As soon as the words left his mouth, he knew he'd made a mistake. "Fun! Fuck you, Simon. You bet that I would be killed in a fall despite the fact you know I'm afraid of heights. You bet that I'd be hit by a police car, implying that some uniforms might even do it on purpose. You bet only on my death. Fun! You must hate the sight of me, subconsciously if nothing else. Well, guess what, man? You won't have to see me anymore, and I don't have to fucking die for that to be accomplished."

"Blair, it wasn't like that. I do like you, you know I do." Damn, he hated that touchy-feely crap, but this was important.

Blair cut him off, furiously. "I know nothing of the kind. Actions speak louder than words, and you both spoke pretty damn loudly." Blair stopped in closing his final box. "Hey, who bet that the partnership between Jim and I would break up. Someone must have bet that." He choked back a sound halfway between a laugh and a sob. "Guess someone will be happy today."

Jim found his voice again. He'd thought maybe Simon would help, but he'd only managed to confound things further. "Blair, please don't leave. I still need you. We didn't realize how much this would hurt you. It was only a game. Just a fucking game."

"No, Jim. It's not a fucking game. It's my life. Think about this, gentlemen. Why should I trust any of you ever again when I'm in danger? I'll always wonder if the person who is supposedly protecting me has bet on me. 'Gosh, I could save the little guy, but I bet he'd die in a fire, and, well, money's money.'" He paused. "You can come to the University a couple times a week, Jim. We'll do some tests, and I'll give you some ideas."

"That's it? A few tests at the University? What if I need you on the job?"

'Well, Jim, that's too damn bad. You should have thought about that before. And think about this. Suppose I had been the one making bets. Suppose we'd all been betting about you? How fast would you boot me out? How long would you still think of me as a friend? How angry and betrayed and hurt would you be? You just think about that." He paused. "What if you need me? Fuck you, fuck that, and fuck the whole dissertation. I'll tell Eli that my subject turned on me, and I'll come up with a new subject. Hell, I could write the fucking Blue Line dissertation without a thought, but somehow I don't feel inclined to portray you boys in blue in any good lights right now either."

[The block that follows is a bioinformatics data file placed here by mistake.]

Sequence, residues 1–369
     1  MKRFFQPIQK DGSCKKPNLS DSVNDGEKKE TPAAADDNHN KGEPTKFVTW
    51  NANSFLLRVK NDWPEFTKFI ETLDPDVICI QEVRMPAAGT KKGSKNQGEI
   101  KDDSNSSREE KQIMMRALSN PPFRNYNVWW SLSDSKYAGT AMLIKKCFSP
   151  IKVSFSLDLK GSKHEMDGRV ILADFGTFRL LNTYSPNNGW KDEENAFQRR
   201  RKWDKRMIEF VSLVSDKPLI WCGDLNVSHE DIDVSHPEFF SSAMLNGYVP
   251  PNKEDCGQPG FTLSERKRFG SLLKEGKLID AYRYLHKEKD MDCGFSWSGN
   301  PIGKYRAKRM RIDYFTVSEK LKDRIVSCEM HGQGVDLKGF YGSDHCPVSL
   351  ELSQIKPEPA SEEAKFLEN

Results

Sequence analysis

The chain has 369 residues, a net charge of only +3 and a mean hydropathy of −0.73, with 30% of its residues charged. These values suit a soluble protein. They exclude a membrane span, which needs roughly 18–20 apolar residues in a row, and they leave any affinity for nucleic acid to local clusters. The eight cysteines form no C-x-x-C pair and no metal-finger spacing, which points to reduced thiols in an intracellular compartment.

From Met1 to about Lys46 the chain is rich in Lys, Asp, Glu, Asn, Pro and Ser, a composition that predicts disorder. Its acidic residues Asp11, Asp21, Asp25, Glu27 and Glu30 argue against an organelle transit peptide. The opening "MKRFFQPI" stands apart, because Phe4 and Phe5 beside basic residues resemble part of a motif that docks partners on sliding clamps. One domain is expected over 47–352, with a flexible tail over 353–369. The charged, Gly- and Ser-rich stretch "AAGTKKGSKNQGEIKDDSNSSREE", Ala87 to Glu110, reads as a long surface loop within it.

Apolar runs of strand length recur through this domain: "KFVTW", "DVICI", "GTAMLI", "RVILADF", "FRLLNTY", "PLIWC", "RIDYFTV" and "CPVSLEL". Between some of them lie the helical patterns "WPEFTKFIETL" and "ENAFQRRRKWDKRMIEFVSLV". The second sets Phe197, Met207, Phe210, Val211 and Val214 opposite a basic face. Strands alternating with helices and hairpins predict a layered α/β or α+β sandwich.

Simon stood by, watching the complete meltdown of his best team, unofficial though it was. He thought about what the loss of Rhonda, the most efficient secretary he'd ever had, would mean over the next few weeks. He thought about a Sentinel trying to work without his Guide. He thought about the men he was supposed to have been leading, and how he had let them all down.

Jim sat on the couch, his face in his hands. He had no answers for Blair's accusations. He knew that if the situation were reversed he would have been irrational in his anger. Blair was the innocent here, and he had lost his friends, his PhD subject, his home, and his dream. How could he expect Blair to let this go?

Silence held over the loft as Blair began carrying the heavy boxes of books down to his car. He made several trips while Simon stood and Jim sat quietly. When his final box was gone, he came back one last time. Stalking over to the dining room table, he set down a small key ring. "These are the keys to your loft, your truck, and your desk at the PD." He pointed to a couple of ring binders. "This one has all the information about using your senses, including information about zoning. The second one is about your medical issues, including allergies and safe products. The blue one is the only copy of the draft of my dissertation. I've erased all the information from my laptop, and even reinstalled the system to clear away the last bits. Finally, this is Burton's book. All of this is yours. I don't want it or need it anymore."

He turned eyes once again bright with tears to the two men. "Simon, I really looked up to you, man. Have Daryl call me if you don't mind if we keep in touch." He took a deep breath, "Good-bye, Jim. I'll still work with you, like I said, and I'll come in an emergency, but, other than that, it's over." He left the two silent men and walked away.

**** No one in Major Crimes had bet on the partnership breaking up, but one of the outside the department officers had. Yet, somehow, the money didn't make Simmons, from Burglary, as happy as he had originally thought it would.